This, I hasten to clarify, is the strict Ayurvedic enumeration as laid out in the received literature. According to the Sushruta Samhita, "They are possessed of sacred prophylactic virtues, and  bring good luck to men who wear them, and cleanse their wearers from all impurities." The Tibetans whack the subject up a bit differently, but not by much.

Now, associated with each of these is an absolutely enormous body of myth, folklore, and superstition, sufficient to bore one to tears. I know this, because I have cried over this subject for more than fifty years, having been attracted to the study as a child.

Just as an example, the "pearls" in the above list are not necessarily the aquatic pearls with which we are familiar. Rather, they are a bewildering variety of mutig, or bezoars, inclusive of "pearls" found in plants, snake's heads, and so forth. The ancient Arabs believed the very best kind to come from the heart of a deer that had been fed on poisonous snakes. In the photograph above, you see purported "red cobra pearls." There are firms in Indonesia that specialize in such things, if you are interested, but I cannot promise that the snake "pearls" (sometimes costing thousands of dollars) will be devoid of all oils.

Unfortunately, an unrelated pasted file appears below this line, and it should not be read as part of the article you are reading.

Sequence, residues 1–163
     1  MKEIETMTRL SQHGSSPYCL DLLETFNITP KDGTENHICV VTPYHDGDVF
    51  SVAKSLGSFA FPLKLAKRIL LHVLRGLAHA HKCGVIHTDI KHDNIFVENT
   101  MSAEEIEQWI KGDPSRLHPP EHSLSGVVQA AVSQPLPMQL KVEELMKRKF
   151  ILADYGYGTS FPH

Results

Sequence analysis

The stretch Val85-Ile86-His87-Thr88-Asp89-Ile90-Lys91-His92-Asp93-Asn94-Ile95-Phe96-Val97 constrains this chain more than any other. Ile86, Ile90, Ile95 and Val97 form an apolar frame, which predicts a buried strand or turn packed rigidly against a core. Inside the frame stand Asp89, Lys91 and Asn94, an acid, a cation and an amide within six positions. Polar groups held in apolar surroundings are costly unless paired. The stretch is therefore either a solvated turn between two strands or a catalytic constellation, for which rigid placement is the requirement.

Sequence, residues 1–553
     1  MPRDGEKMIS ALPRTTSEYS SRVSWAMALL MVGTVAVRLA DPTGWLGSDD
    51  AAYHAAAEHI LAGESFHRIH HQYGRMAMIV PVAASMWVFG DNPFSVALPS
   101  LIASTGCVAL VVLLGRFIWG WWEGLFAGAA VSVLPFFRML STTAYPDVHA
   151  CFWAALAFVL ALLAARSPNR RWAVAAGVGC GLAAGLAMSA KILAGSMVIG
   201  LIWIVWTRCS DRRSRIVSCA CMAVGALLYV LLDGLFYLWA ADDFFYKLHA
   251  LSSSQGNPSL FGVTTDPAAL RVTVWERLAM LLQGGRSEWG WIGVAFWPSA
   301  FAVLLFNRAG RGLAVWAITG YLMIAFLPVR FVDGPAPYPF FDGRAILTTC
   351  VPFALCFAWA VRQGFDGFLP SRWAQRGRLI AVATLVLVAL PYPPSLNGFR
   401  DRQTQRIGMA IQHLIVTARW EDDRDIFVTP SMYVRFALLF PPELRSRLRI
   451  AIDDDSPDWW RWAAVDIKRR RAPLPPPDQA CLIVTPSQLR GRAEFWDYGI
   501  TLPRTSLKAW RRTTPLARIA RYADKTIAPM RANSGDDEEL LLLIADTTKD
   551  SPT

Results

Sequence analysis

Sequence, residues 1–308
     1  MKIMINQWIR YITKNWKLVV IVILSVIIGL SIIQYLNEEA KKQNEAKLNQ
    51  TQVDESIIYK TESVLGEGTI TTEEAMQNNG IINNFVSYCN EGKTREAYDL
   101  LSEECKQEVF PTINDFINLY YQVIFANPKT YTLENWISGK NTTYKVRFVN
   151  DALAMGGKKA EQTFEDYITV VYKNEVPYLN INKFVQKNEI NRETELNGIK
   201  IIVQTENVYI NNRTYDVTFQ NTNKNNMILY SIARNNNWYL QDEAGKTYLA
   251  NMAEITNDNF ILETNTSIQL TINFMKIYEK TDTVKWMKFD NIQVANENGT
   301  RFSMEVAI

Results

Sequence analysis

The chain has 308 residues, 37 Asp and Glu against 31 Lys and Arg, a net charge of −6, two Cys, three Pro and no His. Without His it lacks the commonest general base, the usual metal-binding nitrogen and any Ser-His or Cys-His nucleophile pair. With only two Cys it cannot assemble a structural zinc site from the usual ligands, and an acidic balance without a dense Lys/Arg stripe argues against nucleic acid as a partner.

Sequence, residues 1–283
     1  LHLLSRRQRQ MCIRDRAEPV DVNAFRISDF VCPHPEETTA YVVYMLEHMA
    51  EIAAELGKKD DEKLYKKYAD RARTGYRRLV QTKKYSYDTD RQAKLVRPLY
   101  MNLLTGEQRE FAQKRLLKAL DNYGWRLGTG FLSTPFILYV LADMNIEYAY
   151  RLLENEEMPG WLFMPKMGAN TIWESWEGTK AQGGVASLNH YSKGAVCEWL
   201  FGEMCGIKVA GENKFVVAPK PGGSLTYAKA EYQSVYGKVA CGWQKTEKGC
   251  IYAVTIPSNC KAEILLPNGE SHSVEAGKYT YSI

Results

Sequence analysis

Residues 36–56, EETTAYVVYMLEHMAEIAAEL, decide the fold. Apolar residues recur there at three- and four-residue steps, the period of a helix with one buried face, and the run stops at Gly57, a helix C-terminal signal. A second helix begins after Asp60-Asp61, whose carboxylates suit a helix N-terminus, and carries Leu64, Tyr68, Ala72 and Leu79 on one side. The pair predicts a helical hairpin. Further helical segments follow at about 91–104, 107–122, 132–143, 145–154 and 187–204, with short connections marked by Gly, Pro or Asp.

Being merciful by nature, I will spare you all the rest of the tedium, and "cut to the chase," as they say in the motion picture industry.

The gems mentioned are either worn, burned to ash, tinctured, or crushed and combined with other substances, then made into pills. If worn, they are worn on specific fingers, set in specific metals. Burning to ash is done to remove toxic properties, and to enable ingestion by mouth. Tincturing is done by soaking the gem in various liquids for various periods of time. Crushing and combining with other substances forms the basis of the Tibetan rinchen rilbu, mentioned above.